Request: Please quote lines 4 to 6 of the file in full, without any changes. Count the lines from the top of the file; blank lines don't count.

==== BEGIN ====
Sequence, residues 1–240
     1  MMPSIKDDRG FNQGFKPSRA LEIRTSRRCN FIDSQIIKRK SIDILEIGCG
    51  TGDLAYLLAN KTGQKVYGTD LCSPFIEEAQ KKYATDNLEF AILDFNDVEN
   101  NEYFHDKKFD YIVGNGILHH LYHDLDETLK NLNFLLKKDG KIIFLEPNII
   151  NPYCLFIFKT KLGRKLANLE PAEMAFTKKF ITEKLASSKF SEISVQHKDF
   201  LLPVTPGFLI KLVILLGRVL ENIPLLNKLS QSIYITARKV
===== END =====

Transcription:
   101  NEYFHDKKFD YIVGNGILHH LYHDLDETLK NLNFLLKKDG KIIFLEPNII
   151  NPYCLFIFKT KLGRKLANLE PAEMAFTKKF ITEKLASSKF SEISVQHKDF
   201  LLPVTPGFLI KLVILLGRVL ENIPLLNKLS QSIYITARKV